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Red-breasted Merganser (Mergus serrator) Photo by Arie Ouwerkerk

Red-breasted Merganser (Mergus serrator) Photo by Arie Ouwerkerk

One of my friends on the internet just now took to social media to challenge the world with the following truism: “Try as hard as you want, but you can’t make a duck look badass.” I don’t know what prompted this outburst (!) but I am willing to bet it had something to do with one of the abominable duck mascots which fill professional and semi-professional sports leagues with Howard the Duck-esque ugliness and horror (and, indeed, these doofy mascots never manage to look badass, no matter how hard the designers try).

Behold the blood red eyes and needle beak! (photo by birdingmaine.com)

Behold the blood red eyes and needle beak! (photo by birdingmaine.com)

Fortunately a greater force than the University of Oregon has taken up this challenge—and with much greater success. The red-breasted merganser (Mergus serrator) is a duck which lives throughout Siberia, Scandinavia, Scotland, Greenland, Iceland, Scotland, and the northern fastnesses of Canada (i.e. Canada). The predatory duck can sometimes be seen overwintering along the East and West coasts of America, the Chinese coast, Japan, the Koreas, England, Western Europe, or on the lakes and Inland Seas of Central Asia. In retrospect, the red-breasted merganser’s range includes most of the northern hemisphere except for the tropics and the extreme north—which should give you a clue as to what a badass the duck truly is. The ducks fly north in summer to breed on lakes, rivers, and coasts. In winter they live in coastal waters or in the open ocean.

Red Breasted Mergansers relaxing in their warm winter home--Lake Erie

Red Breasted Mergansers relaxing in their warm winter home–the open waters of Lake Erie (photo by Jim McCormac)

Merganser serrator has a ferocious appearance. The male has a black spikey crest, blood-red eyes, and a pointy black beak filled with needle sharp serrations (with a hook at the end). Oh, also his feet are incarnadine color with razor claws. The female has a similar shape, but her head is drab colored and she does not have the bright white ringneck and signal feathers of the male. The ducks are entirely predatory—they only eat living things. The adults catch all sorts of small water creatures including aquatic arthropods, amphibians, mollusks, and worms, but most of all they live on fish. The ducks dive down into the water and hunt the fish directly, so they are stupendous swimmers.

Mergansers desport amorously (photo by Marco Valentini)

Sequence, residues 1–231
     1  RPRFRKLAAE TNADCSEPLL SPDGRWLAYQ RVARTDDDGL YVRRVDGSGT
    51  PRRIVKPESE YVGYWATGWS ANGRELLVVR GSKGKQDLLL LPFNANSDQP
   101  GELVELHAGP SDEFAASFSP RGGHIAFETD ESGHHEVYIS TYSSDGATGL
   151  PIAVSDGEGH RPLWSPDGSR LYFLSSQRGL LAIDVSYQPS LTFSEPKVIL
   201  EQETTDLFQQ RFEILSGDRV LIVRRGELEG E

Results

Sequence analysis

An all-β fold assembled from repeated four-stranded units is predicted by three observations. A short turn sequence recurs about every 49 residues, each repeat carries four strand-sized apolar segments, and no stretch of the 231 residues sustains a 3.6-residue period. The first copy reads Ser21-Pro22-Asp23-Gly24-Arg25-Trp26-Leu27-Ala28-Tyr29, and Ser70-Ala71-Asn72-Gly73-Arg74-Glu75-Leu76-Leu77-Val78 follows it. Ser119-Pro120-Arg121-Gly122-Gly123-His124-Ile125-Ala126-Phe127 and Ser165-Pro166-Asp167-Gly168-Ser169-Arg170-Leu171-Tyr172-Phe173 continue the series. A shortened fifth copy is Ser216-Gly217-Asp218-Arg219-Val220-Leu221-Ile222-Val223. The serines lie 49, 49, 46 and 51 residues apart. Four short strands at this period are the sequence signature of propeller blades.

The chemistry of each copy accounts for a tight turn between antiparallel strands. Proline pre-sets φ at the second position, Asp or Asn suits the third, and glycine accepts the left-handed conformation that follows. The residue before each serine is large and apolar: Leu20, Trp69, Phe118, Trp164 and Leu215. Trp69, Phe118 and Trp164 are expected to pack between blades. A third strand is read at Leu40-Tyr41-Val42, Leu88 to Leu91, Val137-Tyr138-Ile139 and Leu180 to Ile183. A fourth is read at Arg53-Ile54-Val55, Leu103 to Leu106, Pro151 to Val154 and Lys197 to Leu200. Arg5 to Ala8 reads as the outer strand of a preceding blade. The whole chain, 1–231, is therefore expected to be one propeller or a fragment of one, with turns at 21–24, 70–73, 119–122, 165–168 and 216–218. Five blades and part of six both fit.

Mergansers disport amorously (photo by Marco Valentini)

The ducks brood between 5 and 13 eggs. A day after they hatch the nestlings take to the water…and to the hunt! Ducklings feed themselves without help from their parents, although they tend to eat aquatic insect larvae and tadpoles (at first). To recapitulate, the red-breasted merganser lives in Siberia and North Korea or on the open ocean. It eats only living things which are caught and swallowed alive and whole into its inescapable mouth of needles. Make fun of mascots, all you like, but respect the living sawbills!

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A smew hunting underwater (by DianneB1960)

A smew hunting underwater (by DianneB1960)

The National Zoo in Washington D.C. has a duck pond over by the parking lot entrance.  There are numerous pretty North American ducks in the pond as well as mute swans from Europe, black swans from Australia, and various fancy ducks from around the globe–but these beautiful waterfowl pale in comparison to lions, pandas, and elephants–so visitors are inclined to rapidly push by the little lake.  One day (when I too was rushing by) I noticed a ghostly white presence flitting around the bottom of the pond.  At first I thought I was hallucinating and then I thought that a penguin or puffin had escaped the Arctic area.  It was an amazingly dexterous aquatic hunter swimming underwater hunting for small fish.  I watched for some time before it popped to the surface and revealed itself to be…a male smew!

Smew Drake (Mergellus albellus) from http://birds-ath.blogspot.com

Smew Drake (Mergellus albellus) from http://birds-ath.blogspot.com

Smews (Mergellus albellus) are the world’s smallest merganser ducks.  They may seem alien because, for modern birds, they are ancient. Fossils of smews have been found in England which date back to 2 million years ago.   The smew is last surviving member of the genus Mergellus—which includes fossil seaducks from the middle Miocene (approximately 13 million years ago).  Smews breed along the northern edge of the great Boreal forests of Europe and Asia.  During winter they fly south to England, Holland, Germany, the Baltic Sea, & the Black Sea.  Like other Mersangers, smews are hunters: they dive underwater and deftly swim down fish (showing ballet-like grace during the process).  Like many other sorts of piscivorous hunters, smews have heavily serrated beaks (which are further specialized with a wicked hooked tip).

Smew party (Norman McCanch, 2011, oil)

Smew party (Norman McCanch, 2011, oil)

The drake smew has been poetically described as having the combined appearance of cracked ice and a panda.  Female smew ducks are plainer—they have gray bodies, chestnut crowns and faces, and a white neck. Although smews are from an ancient lineage and live in a difficult part of the world, they are still not doing badly.  Their numbers have declined somewhat, but they are not endangered (which is good news because they are very lovely and captivating).

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